Protecting northern waters from sulfide mining

Aug 8, 2023 | Mining

During our 30-year history, River Alliance has stood with water defenders all across Wisconsin to push back against proposals to bring sulfide mining to our state. We’re remembering the big win to stop a proposed open-pit metallic mine in the Penokee Hills ten years ago as well as the 20th anniversary of the purchase of the Forest County land by the Mole Lake Band of the Lake Superior Chippewa, which ended the Crandon Mine controversy. 

Unfortunately, despite past victories, the threat of mining hasn’t gone away; fortunately, neither have we.


Top mining concerns facing Wisconsin

Right now, there are three main mining fronts we are focused on. All are former Aquila Resources projects. In partnership with local groups and two mining coalitions, River Alliance is closely engaged in following these developments:

Gold Resource Corporation “Back 40” project – Menominee County, MI 

Colorado company Gold Resources Corporation plans to explore zinc, copper, lead, gold, and silver deposits in Michigan’s Upper Peninsula, north of where Menominee, Michigan and Marinette, Wisconsin straddle the Menominee River. The project would be a massive 80-acre open-pit sulfide mine in an environmentally sensitive area just 50 yards away from the Menominee River and on land that is sacred to the Menominee Tribe.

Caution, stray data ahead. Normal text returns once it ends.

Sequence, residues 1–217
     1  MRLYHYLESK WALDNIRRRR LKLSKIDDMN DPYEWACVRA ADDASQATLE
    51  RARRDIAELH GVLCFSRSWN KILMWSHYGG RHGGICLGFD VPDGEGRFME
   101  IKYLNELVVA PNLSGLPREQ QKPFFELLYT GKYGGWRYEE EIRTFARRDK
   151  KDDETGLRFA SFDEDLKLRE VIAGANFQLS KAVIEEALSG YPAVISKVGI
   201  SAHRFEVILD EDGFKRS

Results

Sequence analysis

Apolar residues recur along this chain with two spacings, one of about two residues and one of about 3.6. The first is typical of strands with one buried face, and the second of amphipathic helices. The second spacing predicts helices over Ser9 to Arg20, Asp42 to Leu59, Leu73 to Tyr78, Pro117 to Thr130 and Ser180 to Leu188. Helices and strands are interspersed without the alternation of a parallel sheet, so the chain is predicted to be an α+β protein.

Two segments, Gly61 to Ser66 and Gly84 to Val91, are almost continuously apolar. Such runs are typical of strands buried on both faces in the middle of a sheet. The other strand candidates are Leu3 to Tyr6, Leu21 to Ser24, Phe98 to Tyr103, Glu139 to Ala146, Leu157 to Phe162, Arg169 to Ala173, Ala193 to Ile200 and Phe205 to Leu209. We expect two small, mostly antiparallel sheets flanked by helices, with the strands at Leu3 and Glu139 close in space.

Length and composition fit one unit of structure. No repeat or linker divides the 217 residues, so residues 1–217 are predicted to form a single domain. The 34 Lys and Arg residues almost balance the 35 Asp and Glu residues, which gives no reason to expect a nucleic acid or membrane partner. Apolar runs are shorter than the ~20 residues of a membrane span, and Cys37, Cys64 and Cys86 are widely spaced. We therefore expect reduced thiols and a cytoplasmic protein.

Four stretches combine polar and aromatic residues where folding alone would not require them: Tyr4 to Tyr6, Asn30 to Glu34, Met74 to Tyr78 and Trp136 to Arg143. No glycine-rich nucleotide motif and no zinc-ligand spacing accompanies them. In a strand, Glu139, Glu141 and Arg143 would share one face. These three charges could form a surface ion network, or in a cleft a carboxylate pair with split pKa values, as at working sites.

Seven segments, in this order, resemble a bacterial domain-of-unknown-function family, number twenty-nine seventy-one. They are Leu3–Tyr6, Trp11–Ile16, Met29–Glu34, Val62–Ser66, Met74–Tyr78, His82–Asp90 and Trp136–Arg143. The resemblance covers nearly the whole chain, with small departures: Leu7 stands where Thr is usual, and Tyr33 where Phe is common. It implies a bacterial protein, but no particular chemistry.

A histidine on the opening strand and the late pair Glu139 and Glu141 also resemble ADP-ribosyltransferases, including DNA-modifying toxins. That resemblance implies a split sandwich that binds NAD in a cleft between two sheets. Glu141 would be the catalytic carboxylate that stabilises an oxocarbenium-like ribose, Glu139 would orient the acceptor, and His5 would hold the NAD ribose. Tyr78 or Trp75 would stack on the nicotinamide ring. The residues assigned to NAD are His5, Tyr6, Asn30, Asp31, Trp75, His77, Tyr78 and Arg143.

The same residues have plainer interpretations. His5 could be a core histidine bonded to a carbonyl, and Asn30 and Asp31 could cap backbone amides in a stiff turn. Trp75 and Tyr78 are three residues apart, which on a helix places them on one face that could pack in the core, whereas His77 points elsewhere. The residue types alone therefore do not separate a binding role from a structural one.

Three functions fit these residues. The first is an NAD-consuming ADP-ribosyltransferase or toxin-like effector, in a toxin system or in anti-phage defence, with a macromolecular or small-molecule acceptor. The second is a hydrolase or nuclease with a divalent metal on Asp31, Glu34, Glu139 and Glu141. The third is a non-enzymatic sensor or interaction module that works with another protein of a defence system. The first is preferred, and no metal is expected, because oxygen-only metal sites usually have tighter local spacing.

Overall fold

Green Light Metals – Taylor County and Marathon County

Canadian company Green Light Metals plans to explore mineral deposits in the Bend deposit in Taylor County in the Chequamegon National Forest near the North Fork of the Yellow River. Soon after Green Light acquired the mining rights of Aquila Resources in 2021, the company began to apply for metallic mineral drilling permits. The Bend deposit has copper sulfide ore with some gold and silver. The company has received exploratory drilling permits with conditions from the Department of Natural Resources, though the plans they sent to the U.S. Forest Service are still under review.

Green Light is also eyeing the gold in sulfide and quartz rock in the Reef deposit near the town of Easton in Marathon County near the Eau Claire River. The company has filed a notice of intent to drill with the DNR, and they have begun engagement with Marathon County.

Mining for critical minerals

The newest mining threat to our water comes at the federal level, as economic incentives to mine for “critical minerals” are considered an answer to our need for clean energy. Be on the lookout for an increase in “green washing” by mining companies making false claims about their mining activities. And to be clear, neither gold nor copper nor silver are “critical minerals.” Clean energy is important, but not at the expense of our water.

A recent push to have copper designated as a U.S. critical mineral, which would have implications for mining in Wisconsin, has failed, and the USGS has declined to add copper to the U.S. Critical Minerals List.


Common myths about mining

Time after time, we have witnessed mining companies making false claims about supporting rural economies. The shuttered Flambeau mine taught us that the risks of mining are too high if mining pollutes our water for mining companies’ short-term profits.